“You can plan, but you have to adjust to what you’re doing,” said Stacey Yusko, executive director of the Chapel Hill-Carrboro Meals on Wheels.
The program — which serves homebound residents in the area, not children and families, and as many as 170 people per day — prepares for inclement weather starting in November, before the south gets too cold.
Yusko said the organization delivers two meals that will last for a few months to every person in November — just in case. And as inclement weather approaches, Meals on Wheels delivers extra meals the day before the last day drivers will be able to deliver.
“If you want to take this last little blast as an example, we delivered double Thursday, did not deliver on Friday and were back to full strength on Monday,” Yusko said.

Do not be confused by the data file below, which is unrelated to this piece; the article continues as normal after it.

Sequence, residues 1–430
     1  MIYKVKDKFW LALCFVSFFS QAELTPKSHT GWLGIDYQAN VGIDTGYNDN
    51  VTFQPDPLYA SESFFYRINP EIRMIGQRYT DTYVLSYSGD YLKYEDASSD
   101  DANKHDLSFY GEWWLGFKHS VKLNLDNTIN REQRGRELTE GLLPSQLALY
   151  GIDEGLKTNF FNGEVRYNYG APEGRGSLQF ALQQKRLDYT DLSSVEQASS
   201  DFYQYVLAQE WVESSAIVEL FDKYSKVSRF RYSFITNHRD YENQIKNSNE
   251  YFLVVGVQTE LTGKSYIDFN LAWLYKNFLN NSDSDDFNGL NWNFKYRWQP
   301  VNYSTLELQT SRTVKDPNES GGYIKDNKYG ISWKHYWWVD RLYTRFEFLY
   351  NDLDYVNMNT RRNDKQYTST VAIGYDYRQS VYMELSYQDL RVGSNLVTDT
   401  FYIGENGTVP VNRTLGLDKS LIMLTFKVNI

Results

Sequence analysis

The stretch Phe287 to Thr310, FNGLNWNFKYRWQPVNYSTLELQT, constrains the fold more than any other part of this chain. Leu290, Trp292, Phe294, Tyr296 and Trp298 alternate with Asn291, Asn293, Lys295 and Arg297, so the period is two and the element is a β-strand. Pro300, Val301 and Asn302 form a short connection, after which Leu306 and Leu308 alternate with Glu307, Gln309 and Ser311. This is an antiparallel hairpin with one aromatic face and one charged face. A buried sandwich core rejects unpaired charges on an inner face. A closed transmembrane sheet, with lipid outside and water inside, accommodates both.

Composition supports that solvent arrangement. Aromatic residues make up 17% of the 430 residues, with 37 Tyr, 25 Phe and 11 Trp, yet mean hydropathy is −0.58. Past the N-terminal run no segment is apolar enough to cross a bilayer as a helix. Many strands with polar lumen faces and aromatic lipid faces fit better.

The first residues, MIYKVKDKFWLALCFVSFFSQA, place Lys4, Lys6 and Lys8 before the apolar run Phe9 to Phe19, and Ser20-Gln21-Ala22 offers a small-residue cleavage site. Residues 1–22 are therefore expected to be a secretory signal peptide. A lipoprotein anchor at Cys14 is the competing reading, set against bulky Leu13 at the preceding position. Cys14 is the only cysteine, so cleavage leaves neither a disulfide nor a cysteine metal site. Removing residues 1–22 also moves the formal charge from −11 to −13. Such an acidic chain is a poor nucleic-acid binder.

But not every hunger-fighting organization has a plan in place. PORCH will try to continue to supplement if the organization is unable to get food to the families it serves in future inclement weather this season, Romaine said.
“We’re hoping for good weather, but should we get some more icy conditions, when the roads are dangerous for traveling for our volunteers and for the recipients of the food, we’ll do a similar plan,” she said. “We’ll still go ahead where we can collect a few bags, but we’ll supplement the food that the families don’t get with gift cards.”
Tippins said TABLE doesn’t have a set plan for inclement weather, but it’s something on the list of things to accomplish.
“We try to pay attention to the weather ahead of time, especially around this time of year, and see if there’s snow that is expected and pay really close attention to it,” she said. “Then, if at all possible, we’re going to try to get the food out earlier so that the kids do have food when they are out of school.”
School administrators just have to hope the weather clears quickly and students can get back to school safely — back to regularly scheduled meals.
“If (school buses) can’t get around, vans full of food probably can’t either,” Nash said.